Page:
DETROW: That's right. And he says, I want a deal. I want a bill with love. And then he comes out with a hard-line plan. But they're also just angry at the way he frames the issue, his rhetoric. President Trump regularly talks about illegal immigrants as murderers and criminals. He did that during the brief shutdown. The White House put out an ad saying Democrats would be complicit in any murders committed by illegal immigrants. He did it again last night during the speech, pointing to the parents of two Long Island girls killed in 2016 by gang members.


TRUMP: Many of these gang members took advantage of glaring loopholes in our laws to enter the country as illegal unaccompanied alien minors and wound up in Kayla and Nisa's high school.


DETROW: Obviously horrifying murders. Everyone in the chamber was very upset at the specific story. But Democrats feel like, broadly, the first thing Trump talks about often is immigrants as murderers, as criminals, as people who should not be in the country.

INSKEEP: Mara, what do Democrats hear when he says things like that?

LIASSON: Yes. I think Democrats heard rhetoric that they feel they've heard all along from Donald Trump from the day he glided down that escalator and talked about Mexico sending rapists, when he started his campaign, to the convention. The message, as Scott said, is immigrants are coming here to kill us. And I think what Democrats heard is something that is going to make it harder to get a deal on immigration. You know, the facts are that immigrants actually commit crime at lower rates than native-born Americans. But the president wants to drastically curtail legal immigration, and that is one of the biggest sticking points in that negotiation.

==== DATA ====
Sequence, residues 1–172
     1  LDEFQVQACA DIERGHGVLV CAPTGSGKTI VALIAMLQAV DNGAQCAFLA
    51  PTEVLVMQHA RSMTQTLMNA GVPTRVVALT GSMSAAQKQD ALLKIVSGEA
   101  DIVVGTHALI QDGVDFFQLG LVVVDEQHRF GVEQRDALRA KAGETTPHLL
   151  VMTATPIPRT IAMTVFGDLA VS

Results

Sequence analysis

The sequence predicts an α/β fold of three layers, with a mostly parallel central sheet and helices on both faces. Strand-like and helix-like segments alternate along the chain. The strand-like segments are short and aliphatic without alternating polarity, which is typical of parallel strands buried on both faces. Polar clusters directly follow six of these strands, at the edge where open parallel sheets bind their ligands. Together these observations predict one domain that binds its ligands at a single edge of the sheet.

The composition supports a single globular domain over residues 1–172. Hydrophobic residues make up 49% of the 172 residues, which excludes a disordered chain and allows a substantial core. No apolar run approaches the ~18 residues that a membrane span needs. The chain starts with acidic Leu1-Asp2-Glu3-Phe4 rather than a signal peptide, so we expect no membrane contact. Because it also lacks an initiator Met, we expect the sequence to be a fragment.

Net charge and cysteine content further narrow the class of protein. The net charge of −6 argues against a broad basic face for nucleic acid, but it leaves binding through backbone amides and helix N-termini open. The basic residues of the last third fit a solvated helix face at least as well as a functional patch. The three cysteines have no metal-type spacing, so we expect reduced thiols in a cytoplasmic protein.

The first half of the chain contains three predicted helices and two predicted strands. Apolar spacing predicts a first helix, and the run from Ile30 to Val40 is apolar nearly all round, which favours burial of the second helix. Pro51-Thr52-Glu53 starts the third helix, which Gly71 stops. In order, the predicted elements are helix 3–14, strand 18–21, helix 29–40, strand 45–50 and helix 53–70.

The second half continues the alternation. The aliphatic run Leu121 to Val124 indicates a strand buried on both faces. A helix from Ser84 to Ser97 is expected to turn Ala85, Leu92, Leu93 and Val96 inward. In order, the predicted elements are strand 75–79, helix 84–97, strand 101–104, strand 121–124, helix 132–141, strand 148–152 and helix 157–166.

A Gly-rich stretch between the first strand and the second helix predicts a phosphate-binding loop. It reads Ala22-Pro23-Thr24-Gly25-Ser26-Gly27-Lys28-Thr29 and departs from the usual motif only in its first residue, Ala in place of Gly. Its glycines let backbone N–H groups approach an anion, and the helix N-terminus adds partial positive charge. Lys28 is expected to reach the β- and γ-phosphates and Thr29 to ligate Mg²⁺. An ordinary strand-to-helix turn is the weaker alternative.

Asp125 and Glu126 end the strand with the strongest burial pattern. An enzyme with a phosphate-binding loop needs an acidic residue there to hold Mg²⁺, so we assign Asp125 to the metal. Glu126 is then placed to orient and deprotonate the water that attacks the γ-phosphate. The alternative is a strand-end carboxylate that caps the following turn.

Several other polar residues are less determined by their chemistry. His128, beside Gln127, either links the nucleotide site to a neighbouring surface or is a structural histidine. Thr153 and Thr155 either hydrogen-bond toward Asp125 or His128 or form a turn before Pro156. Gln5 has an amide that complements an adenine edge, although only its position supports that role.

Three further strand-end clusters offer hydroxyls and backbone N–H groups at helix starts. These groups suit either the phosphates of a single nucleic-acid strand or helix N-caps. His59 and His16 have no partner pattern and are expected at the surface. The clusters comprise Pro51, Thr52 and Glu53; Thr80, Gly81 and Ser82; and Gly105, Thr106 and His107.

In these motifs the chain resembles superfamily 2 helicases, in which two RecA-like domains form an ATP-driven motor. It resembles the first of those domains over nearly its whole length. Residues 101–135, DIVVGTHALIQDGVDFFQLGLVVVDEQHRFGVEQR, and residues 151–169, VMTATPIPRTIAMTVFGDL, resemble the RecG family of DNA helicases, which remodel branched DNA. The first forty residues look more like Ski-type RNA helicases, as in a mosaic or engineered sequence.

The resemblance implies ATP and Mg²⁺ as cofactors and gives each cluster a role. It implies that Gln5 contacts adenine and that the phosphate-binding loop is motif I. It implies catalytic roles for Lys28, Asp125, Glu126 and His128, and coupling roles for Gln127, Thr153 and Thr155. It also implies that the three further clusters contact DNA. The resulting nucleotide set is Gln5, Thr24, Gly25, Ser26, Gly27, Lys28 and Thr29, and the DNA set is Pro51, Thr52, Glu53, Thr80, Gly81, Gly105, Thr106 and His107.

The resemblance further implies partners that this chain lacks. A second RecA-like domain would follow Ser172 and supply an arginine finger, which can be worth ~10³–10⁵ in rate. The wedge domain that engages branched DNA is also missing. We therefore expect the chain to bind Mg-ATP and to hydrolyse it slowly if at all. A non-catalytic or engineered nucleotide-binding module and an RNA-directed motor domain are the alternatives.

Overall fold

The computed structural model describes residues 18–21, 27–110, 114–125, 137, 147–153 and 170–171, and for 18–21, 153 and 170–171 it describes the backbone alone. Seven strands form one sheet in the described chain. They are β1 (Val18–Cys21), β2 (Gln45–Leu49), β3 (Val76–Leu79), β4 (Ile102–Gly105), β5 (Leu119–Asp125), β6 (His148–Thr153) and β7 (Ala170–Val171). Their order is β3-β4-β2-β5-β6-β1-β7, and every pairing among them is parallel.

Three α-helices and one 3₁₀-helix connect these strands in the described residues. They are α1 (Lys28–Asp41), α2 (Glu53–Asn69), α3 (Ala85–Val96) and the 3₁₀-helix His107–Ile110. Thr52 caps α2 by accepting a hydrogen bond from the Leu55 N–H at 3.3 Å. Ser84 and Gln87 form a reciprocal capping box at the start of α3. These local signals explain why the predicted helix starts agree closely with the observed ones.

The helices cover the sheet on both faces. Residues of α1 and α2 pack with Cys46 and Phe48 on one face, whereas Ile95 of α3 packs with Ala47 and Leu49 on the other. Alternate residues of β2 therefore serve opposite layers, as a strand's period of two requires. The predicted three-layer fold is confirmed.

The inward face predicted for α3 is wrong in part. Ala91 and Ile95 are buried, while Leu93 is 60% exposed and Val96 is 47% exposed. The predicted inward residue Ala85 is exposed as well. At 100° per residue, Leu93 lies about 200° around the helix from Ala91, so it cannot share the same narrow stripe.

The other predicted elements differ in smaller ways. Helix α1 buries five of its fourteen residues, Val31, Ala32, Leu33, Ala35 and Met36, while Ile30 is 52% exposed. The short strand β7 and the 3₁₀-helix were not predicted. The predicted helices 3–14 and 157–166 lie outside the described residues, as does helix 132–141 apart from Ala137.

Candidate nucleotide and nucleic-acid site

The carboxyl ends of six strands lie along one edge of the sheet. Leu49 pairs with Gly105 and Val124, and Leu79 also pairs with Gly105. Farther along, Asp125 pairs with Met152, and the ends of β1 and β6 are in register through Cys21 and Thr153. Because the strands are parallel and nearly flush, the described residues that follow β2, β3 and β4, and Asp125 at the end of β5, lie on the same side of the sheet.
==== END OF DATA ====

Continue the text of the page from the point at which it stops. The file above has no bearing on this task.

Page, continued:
INSKEEP: The president did suggest that Democrats and Republicans might be able to get together for a deal on infrastructure. Let's listen to that.


TRUMP: Tonight, I'm calling on Congress to produce a bill that generates at least $1.5 trillion for the new infrastructure investment that our country so desperately needs. Every federal dollar should be leveraged by partnering with state and local governments, and where appropriate, tapping into private sector investment to permanently fix the infrastructure deficit. And we can do it.

INSKEEP: Everybody's in favor of infrastructure, Scott Detrow, but do Democrats and Republicans mean the same thing when they say it?

DETROW: They do not. Infrastructure's often floated as the bipartisan idea around the corner. But the fact is, Democrats want to do it through federal government spending. Republicans want to incentivize private spending with tax cuts. And there's a deep disagreement there.

INSKEEP: Mara, you get the last word.

LIASSON: Yeah. I think that that infrastructure is something that theoretically could find bipartisan agreement. But the big question also is, how are you going to pay for it?

INSKEEP: Mara, thanks very much, really appreciate it.

LIASSON: Thank you.

INSKEEP: That's NPR national political correspondent Mara Liasson. We also heard from NPR's congressional correspondent, Scott Detrow. And, again, you can find an annotated transcript of the president's entire State of the Union speech at

Copyright © 2018 NPR. All rights reserved. Visit our website terms of use and permissions pages at for further information.

NPR transcripts are created on a rush deadline by an NPR contractor. This text may not be in its final form and may be updated or revised in the future. Accuracy and availability may vary. The authoritative record of NPR’s programming is the audio record.